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  1. Motivational and physiological analysis of the causes and consequences of non-nutritive sucking by calves

    Contributor(s):: Passille, A. M. de, Rushen, J.

    Non-nutritive sucking by calves of an artificial, dry teat was examined. Most non-nutritive sucking occurred directly after a meal and was elicited by the taste of milk. Increasing the volume of milk drunk did not reduce the amount of non-nutritive sucking, suggesting that the consumption of milk...

  2. Owner attitudes and dog behaviour problems

    Contributor(s):: O'Farrell, V.

    In the treatment of dog behaviour problems, assessment of the owner's attitude is usually an essential part of the diagnostic process. Questionnaire studies of groups of owners reveal wide variation in both degree and kind of owner attachment. Individual-centred methods such as the Kelly...

  3. Resting and social behaviour of dairy heifers housed in slatted floor pens with different sized bedded lying areas

    Contributor(s):: Nielsen, L. H., Mogensen, L., Krohn, C., Hindhede, J., Sorensen, J. T.

    The hypothesis that an increase in the straw bedded resting area for group housed heifers would increase synchronization of resting behaviour and decrease aggressive and abnormal behaviour was tested. An experiment was conducted on 2 Danish commercial dairy farms with 20 Danish Friesian heifers...

  4. Some aspects of milk that elicit non-nutritive sucking in the calf

    Contributor(s):: Passille, A. M. de, Rushen, J., Janzen, M.

    Male Holstein dairy calves were allowed to suck a non-nutritive teat after meals of either cow milk or milk replacer, and the amount of non-nutritive sucking that occurred during the 10 min following the meal was observed. There were no differences between milk and commercial milk replacer in the...

  5. Stereotyped pecking after feeding by restricted-fed fowls is influenced by meal size

    Contributor(s):: Savory, C. J., Mann, J. S.

    Growing broiler breeder chickens, fed routinely according to a programme of chronic food restriction, typically show increased pacing before feeding time and increased drinking and pecking at non-food objects afterwards. Expression of this behaviour is often stereotyped in form. In 2 experiments...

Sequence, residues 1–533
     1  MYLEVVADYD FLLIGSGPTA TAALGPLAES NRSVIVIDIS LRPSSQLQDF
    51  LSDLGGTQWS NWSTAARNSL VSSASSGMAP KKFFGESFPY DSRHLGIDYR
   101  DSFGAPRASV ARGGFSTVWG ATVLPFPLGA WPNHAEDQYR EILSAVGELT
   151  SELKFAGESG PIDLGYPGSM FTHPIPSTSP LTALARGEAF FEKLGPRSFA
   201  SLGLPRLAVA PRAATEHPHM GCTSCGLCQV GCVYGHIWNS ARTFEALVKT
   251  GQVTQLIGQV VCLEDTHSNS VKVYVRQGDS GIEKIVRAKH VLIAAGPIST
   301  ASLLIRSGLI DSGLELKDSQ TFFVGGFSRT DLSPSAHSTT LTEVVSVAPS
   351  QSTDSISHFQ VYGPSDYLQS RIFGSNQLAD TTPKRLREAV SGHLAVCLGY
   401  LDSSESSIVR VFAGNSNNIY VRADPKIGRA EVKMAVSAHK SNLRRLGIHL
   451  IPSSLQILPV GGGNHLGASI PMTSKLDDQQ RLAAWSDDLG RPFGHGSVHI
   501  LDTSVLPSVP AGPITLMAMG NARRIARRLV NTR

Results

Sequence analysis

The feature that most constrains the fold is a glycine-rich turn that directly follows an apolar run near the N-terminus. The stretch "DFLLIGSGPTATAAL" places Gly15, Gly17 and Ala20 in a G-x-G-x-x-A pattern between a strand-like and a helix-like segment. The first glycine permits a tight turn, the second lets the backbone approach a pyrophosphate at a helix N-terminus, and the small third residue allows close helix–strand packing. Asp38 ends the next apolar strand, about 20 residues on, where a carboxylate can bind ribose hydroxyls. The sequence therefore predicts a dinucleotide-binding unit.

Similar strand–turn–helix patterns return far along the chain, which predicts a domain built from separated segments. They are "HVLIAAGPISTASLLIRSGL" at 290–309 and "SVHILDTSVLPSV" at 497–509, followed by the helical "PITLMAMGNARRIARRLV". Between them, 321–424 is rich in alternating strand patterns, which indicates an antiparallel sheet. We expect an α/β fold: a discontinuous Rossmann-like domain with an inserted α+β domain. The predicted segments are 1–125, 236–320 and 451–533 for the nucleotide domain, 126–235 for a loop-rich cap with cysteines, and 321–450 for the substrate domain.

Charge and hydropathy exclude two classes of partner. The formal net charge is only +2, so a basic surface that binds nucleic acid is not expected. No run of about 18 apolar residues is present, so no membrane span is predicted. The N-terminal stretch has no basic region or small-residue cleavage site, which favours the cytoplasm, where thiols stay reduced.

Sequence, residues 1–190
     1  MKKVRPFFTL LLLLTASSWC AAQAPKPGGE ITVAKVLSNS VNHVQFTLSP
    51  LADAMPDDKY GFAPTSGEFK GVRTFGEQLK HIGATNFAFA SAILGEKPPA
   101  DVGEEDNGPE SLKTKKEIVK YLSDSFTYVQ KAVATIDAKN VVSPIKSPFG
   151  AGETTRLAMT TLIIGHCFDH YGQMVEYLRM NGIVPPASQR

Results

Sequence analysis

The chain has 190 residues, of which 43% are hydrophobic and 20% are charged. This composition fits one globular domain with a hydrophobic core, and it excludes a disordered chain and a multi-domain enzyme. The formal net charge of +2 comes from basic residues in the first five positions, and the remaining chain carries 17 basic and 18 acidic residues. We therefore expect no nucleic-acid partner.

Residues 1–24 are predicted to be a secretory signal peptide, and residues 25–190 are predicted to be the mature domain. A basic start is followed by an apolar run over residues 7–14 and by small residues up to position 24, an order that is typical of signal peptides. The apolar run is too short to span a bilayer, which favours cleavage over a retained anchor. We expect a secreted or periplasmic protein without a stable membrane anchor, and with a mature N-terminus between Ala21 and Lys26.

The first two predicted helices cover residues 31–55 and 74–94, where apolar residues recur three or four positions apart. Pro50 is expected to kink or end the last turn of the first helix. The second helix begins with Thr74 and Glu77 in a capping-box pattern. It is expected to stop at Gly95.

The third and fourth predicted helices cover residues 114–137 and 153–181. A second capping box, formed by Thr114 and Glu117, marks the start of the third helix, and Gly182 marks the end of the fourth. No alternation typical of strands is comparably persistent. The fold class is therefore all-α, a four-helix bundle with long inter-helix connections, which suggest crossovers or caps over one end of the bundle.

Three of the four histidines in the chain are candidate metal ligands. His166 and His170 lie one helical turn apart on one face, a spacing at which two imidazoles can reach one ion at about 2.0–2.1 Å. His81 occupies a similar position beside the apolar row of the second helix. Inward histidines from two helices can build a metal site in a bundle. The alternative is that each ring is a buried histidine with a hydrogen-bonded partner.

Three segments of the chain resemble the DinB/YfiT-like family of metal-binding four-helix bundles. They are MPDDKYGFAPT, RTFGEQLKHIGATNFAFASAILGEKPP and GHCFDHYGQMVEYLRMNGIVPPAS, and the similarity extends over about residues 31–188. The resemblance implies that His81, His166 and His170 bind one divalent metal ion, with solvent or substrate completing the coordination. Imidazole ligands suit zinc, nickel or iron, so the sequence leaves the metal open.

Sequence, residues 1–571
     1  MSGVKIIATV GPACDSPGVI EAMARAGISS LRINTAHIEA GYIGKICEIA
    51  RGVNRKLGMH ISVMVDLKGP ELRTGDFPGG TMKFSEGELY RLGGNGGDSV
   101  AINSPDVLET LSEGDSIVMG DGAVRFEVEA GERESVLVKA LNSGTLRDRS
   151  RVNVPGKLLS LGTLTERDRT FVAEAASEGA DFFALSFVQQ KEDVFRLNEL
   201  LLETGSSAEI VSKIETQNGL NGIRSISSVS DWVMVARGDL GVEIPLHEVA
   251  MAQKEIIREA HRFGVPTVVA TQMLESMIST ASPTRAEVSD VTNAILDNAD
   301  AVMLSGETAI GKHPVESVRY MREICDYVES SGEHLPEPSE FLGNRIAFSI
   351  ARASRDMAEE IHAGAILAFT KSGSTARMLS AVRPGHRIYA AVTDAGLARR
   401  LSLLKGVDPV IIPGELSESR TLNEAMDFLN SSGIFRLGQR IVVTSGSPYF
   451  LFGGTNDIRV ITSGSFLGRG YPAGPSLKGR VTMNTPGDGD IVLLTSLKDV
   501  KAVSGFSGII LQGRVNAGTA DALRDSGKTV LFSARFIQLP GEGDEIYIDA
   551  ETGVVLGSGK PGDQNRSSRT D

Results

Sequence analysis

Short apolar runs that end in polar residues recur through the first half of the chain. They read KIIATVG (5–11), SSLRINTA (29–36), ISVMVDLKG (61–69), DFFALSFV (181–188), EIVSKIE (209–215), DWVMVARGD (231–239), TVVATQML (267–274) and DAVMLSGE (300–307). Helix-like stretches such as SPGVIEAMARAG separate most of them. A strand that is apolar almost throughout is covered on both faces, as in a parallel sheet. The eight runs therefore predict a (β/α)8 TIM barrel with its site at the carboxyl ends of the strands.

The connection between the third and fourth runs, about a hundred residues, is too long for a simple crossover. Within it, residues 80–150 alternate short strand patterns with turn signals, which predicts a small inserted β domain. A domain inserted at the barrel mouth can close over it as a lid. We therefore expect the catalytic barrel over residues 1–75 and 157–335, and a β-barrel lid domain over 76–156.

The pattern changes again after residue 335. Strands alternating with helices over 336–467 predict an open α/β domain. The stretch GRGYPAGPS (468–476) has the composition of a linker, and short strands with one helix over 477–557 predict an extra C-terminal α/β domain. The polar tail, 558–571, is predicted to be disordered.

6. Stereotypies in heifers are affected by feeding regime

    Contributor(s):: Redbo, I., Nordblad, A.

    The effect of giving different types of food which result in long or short feeding durations on stereotypy levels was studied. Forty-eight tethered heifers of the Swedish Red and White Breed, with an average age of 16 months, were subjected to the same treatment. During the first 2 weeks of the...

  7. Stimulation of serotonin (5-HT) activity reduces spontaneous stereotypies in female but not in male bank voles ( Clethrionomys glareolus ). Stereotyping female voles as a new animal model for human anxiety and mood disorders?

    Contributor(s):: Schoenecker, B., Heller, K. E.

    Spontaneously stereotyping female and male bank voles were injected daily (except on days assigned for monitoring behaviour) during 3 weeks with placebo, the neurolepticum clozapine or the SSRI antidepressant citalopram. Clozapine blocks dopamine (DA) receptors and acts as a partial serotonin...

  8. Survey of breeders' management of horses in Europe, North America and Australia: comparison of factors associated with the development of abnormal behaviour

    Contributor(s):: Parker, M., Goodwin, D., Redhead, E. S.

    An online survey of domestic horse breeders in the USA, UK, Australia, Canada and mainland Europe was carried out in order to examine management risk factors associated with the development of abnormal behaviour patterns. One hundred and forty breeders responded, and epidemiological results...

  9. The effects of weaning at 7, 14 and 28 days on piglet behaviour

    Contributor(s):: Worobec, E. K., Duncan, I. J. H., Widowski, T. M.

    The effects of very early weaning on piglet behaviour were investigated. In order to determine the effects of weaning age on piglet behaviour, litters of piglets were randomly assigned to be weaned at 7, 14 and 28 days of age. In each of 3 trials, piglets from 3 litters were mixed into 2 pens of...

  10. The social transmission of feather pecking in laying hens: effects of environment and age

    Contributor(s):: McAdie, T. M., Keeling, L. J.

    Abnormal behaviours, such as feather pecking, can become an even greater problem if they spread through the flock. Domestic hens are a social species and it has been suggested that feather pecking behaviour can be socially transmitted from few feather pecking individuals to many. The purpose of...